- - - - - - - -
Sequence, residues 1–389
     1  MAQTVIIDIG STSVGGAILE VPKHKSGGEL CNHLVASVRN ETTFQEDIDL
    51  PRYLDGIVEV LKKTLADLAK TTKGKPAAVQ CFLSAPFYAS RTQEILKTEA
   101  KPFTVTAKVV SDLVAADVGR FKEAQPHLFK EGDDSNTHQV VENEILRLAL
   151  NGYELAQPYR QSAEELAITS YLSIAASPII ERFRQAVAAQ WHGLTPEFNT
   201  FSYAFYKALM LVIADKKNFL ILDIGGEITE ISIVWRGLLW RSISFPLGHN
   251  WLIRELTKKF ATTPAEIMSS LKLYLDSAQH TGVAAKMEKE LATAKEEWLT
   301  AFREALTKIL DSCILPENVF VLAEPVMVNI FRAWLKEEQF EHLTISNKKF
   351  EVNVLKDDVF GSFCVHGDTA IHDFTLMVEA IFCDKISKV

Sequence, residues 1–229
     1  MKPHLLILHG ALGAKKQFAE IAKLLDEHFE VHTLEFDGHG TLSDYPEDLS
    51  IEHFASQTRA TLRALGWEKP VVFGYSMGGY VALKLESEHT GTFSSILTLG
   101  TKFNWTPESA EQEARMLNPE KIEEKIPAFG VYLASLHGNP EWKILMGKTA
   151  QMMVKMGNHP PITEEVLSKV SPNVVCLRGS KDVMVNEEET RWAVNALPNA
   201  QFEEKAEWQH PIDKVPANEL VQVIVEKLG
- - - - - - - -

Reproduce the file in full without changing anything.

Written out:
Sequence, residues 1–389
     1  MAQTVIIDIG STSVGGAILE VPKHKSGGEL CNHLVASVRN ETTFQEDIDL
    51  PRYLDGIVEV LKKTLADLAK TTKGKPAAVQ CFLSAPFYAS RTQEILKTEA
   101  KPFTVTAKVV SDLVAADVGR FKEAQPHLFK EGDDSNTHQV VENEILRLAL
   151  NGYELAQPYR QSAEELAITS YLSIAASPII ERFRQAVAAQ WHGLTPEFNT
   201  FSYAFYKALM LVIADKKNFL ILDIGGEITE ISIVWRGLLW RSISFPLGHN
   251  WLIRELTKKF ATTPAEIMSS LKLYLDSAQH TGVAAKMEKE LATAKEEWLT
   301  AFREALTKIL DSCILPENVF VLAEPVMVNI FRAWLKEEQF EHLTISNKKF
   351  EVNVLKDDVF GSFCVHGDTA IHDFTLMVEA IFCDKISKV

Sequence, residues 1–229
     1  MKPHLLILHG ALGAKKQFAE IAKLLDEHFE VHTLEFDGHG TLSDYPEDLS
    51  IEHFASQTRA TLRALGWEKP VVFGYSMGGY VALKLESEHT GTFSSILTLG
   101  TKFNWTPESA EQEARMLNPE KIEEKIPAFG VYLASLHGNP EWKILMGKTA
   151  QMMVKMGNHP PITEEVLSKV SPNVVCLRGS KDVMVNEEET RWAVNALPNA
   201  QFEEKAEWQH PIDKVPANEL VQVIVEKLG